unmodulated carrier is shown at A, and modulation by a single frequency is shown
in B, C, and D. B corresponds ,to a low degree of modulation, C and D show what
takes place as the modulation is increased. All sidebands are spaced an amount equal
to the modulating frequency. Note that the amplitude of the carrier decreases as
the modulation is increased.
Frequency and phase modulation do not lend themselves to such simple pictures.
It is generally understood that frequency modulation is obtained by changing the
carrier frequency at the frequency of the modulation, and the greater the amplitude
of the modulation the greater the frequency change, or deviation, from the mean
carrier-frequency. Phase modulation, on the other hand, is obtained by shifting
the phase of the carrier frequency at the modulation frequency, and the greater
the amplitude of the modulation the greater the phase change. With a little thought
it can be seen that as the phase of the carrier is changed, by speeding up or slowing
down the r.f. alternations during the audio modulation cycle, the frequency of the
carrier must change at the same time, since more or fewer alternations than normal
must occur during the speeding-up or slowing-down process. Hence f.m. and p.m. are
similar in that the carrier frequency is changed during the modulation cycle.
Then it starts to get complicated! When a single tone is used to modulate a carrier
in either phase or frequency, not a single pair of sidebands results, as with a.m.,
but theoretically an infinite number of sidebands develops. The magnitude of the
sidebands depends upon the amplitude of modulation, with the sidebands close to
the carrier being the larger and the remote sidebands existing only theoretically
for all practical
purposes. To examine the procedure in an orderly fashion, assume a carrier modulated
by a single 1000-cycle tone. With very little modulation, only the first pair of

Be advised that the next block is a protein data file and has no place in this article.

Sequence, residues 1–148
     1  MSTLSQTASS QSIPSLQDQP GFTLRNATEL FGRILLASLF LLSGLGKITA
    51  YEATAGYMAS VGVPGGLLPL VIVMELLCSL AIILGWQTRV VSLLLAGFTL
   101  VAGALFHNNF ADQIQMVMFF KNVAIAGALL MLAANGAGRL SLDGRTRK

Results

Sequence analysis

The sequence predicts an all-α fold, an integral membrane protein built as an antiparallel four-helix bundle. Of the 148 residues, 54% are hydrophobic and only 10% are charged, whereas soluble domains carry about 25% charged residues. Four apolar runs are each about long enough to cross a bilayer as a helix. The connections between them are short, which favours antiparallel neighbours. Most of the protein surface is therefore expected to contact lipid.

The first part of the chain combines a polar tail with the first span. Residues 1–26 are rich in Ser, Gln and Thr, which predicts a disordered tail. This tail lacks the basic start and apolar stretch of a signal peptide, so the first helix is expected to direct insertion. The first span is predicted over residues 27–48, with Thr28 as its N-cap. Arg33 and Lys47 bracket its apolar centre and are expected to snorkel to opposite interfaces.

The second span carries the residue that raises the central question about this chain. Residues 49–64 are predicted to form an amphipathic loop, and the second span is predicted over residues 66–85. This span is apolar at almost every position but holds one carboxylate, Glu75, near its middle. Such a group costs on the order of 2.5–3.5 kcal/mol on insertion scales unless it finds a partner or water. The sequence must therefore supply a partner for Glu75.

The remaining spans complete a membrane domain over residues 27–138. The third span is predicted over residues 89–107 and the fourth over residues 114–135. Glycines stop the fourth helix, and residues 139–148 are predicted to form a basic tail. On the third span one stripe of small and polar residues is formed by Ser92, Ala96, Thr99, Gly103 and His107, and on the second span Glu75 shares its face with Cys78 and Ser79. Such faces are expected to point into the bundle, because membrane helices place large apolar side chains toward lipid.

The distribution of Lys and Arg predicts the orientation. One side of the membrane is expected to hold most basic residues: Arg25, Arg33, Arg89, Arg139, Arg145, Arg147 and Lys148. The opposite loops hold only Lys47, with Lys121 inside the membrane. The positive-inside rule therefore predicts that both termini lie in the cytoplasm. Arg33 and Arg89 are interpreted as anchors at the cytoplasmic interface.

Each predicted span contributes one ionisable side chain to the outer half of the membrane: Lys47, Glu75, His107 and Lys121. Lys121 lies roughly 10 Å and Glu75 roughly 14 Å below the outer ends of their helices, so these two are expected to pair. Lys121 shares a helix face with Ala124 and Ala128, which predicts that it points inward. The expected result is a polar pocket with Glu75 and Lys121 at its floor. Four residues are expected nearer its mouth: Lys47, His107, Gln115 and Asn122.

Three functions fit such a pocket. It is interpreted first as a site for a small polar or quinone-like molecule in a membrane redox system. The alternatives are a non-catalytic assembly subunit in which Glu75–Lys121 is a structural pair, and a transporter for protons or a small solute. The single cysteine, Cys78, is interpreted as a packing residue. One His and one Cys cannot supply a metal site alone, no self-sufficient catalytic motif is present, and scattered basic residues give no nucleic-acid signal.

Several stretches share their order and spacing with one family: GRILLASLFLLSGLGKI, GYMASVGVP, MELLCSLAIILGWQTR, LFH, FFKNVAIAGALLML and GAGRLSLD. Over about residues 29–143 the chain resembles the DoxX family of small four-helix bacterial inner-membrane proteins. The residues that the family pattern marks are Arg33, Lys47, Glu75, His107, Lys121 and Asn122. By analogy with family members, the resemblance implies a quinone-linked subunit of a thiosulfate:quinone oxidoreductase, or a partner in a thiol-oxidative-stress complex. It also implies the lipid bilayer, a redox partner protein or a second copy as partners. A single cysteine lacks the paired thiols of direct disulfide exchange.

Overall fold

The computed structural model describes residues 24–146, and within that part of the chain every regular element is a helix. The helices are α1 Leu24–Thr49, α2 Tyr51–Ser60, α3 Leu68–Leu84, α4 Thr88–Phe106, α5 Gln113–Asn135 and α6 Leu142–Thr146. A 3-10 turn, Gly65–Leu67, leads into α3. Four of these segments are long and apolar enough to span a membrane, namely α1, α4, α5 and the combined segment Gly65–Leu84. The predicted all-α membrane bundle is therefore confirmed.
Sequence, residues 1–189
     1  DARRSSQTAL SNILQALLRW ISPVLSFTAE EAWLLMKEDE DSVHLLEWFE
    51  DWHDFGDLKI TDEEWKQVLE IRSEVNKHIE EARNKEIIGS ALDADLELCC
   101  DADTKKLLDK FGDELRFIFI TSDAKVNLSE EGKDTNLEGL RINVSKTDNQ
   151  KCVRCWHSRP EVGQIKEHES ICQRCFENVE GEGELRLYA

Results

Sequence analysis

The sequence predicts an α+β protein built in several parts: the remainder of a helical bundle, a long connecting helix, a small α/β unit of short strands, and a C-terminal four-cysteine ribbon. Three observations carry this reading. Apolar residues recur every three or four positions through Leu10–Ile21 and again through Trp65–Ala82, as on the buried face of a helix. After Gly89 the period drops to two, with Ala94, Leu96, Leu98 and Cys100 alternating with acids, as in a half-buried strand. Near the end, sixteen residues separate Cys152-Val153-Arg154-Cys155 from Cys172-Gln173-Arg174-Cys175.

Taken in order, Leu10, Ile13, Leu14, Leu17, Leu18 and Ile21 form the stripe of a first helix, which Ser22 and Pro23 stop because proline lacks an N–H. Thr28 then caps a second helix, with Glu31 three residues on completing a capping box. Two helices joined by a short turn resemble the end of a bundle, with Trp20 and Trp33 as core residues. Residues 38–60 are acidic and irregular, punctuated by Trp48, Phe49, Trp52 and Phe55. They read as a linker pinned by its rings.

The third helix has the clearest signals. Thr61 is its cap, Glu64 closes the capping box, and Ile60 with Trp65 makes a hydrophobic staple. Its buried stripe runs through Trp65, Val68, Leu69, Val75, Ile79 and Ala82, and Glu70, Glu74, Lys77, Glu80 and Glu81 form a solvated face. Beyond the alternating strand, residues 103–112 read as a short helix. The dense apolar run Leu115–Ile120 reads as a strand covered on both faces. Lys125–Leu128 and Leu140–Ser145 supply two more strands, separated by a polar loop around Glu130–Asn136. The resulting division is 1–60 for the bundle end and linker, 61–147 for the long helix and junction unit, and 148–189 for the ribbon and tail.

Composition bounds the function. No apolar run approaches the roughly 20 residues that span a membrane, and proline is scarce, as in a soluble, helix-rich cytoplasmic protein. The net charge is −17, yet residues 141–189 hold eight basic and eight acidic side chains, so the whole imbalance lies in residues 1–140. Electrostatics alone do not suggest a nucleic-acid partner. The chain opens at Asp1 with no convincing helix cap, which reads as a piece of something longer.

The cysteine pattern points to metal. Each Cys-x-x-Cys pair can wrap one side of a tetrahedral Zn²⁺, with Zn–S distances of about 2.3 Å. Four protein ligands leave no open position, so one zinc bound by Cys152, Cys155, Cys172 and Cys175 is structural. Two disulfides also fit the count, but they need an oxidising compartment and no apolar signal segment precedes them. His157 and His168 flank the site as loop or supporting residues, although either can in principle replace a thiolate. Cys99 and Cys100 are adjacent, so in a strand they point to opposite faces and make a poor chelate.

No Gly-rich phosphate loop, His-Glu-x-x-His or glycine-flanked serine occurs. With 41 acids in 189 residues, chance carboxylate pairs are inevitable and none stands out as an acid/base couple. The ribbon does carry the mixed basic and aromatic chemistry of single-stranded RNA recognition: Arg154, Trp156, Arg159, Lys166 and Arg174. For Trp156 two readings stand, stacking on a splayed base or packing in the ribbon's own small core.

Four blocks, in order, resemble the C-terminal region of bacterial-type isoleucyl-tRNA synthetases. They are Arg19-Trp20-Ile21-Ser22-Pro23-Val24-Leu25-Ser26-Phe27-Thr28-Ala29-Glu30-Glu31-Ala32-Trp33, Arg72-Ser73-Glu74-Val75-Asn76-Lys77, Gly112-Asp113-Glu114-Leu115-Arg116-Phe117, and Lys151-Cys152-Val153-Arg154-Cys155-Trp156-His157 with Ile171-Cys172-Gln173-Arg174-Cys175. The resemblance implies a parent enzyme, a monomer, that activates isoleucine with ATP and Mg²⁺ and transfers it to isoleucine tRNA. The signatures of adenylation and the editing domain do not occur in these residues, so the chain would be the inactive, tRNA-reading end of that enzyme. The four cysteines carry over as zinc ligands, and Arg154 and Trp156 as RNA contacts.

sidebands have any significant amplitude, and the picture looks similar to the one
for low-percentage amplitude modulation. As the degree of modulation is increased,
the second and third and higher-order sidebands begin to be significant, as shown
in Figs. 2-B, 2-C and 2-D. Notice that the sidebands occur at regular 1000-cycle
intervals. This is a significant point, since many seem to believe that f.m. (or
p.m.), can be made to occupy less spectrum space than a.m. by keeping the frequency
swing low. Such is not the case - the instant any modulation is applied to the carrier,
sidebands exist removed from the carrier by the modulation frequency. Fig. 3.
shows how the amplitude of the sidebands varies with the index of modulation - for
some degrees of modulation, some sidebands disappear and so does the carrier. Also,
some pairs of sidebands will be out of phase with each other for high degrees of
Fig. 3 - Showing how the amplitude of the sidebands of an
f.m. or p.m. signal varies as the modulation is increased. If the curves were extended
for greater values of "degree of modulation," it would be seen that the carrier
value goes through zero at several points, as do the various sidebands. Amateur
n.f.m. and n.p.m. should be confined to a degree of modulation equal to 0.5 or 0.6,
so the additional sidebands are not significant.
What we have elected to call "degree of modulation" in the above discussion is
more correctly known as the" modulation index." The modulation index is defined,
for f.m., as the ratio Δƒ/ƒ where Δƒ is the frequency deviation and F
the highest modulation frequency. For p.m., it is defined simply as the phase change,
in radians (one radian = 57.3 degrees). The curves in Fig. 3 apply to either
f.m. or p.m., if the modulation index as described above is substituted for "degree
The definition of modulation index helps to clarify the distinction between f.m.
and p.m. and how their audio characteristics differ when rectified by the same detector
system. In an f.m. system, for example, a modulation index of 2.0 means that the